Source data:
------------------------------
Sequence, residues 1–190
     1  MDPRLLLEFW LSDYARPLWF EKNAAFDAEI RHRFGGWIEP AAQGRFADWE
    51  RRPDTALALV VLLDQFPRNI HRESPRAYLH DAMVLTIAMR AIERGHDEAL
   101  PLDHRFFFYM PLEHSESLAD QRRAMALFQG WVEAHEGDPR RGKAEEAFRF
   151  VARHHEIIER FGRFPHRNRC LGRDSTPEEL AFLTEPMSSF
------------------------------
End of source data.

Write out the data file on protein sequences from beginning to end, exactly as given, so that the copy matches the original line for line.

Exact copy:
Sequence, residues 1–190
     1  MDPRLLLEFW LSDYARPLWF EKNAAFDAEI RHRFGGWIEP AAQGRFADWE
    51  RRPDTALALV VLLDQFPRNI HRESPRAYLH DAMVLTIAMR AIERGHDEAL
   101  PLDHRFFFYM PLEHSESLAD QRRAMALFQG WVEAHEGDPR RGKAEEAFRF
   151  VARHHEIIER FGRFPHRNRC LGRDSTPEEL AFLTEPMSSF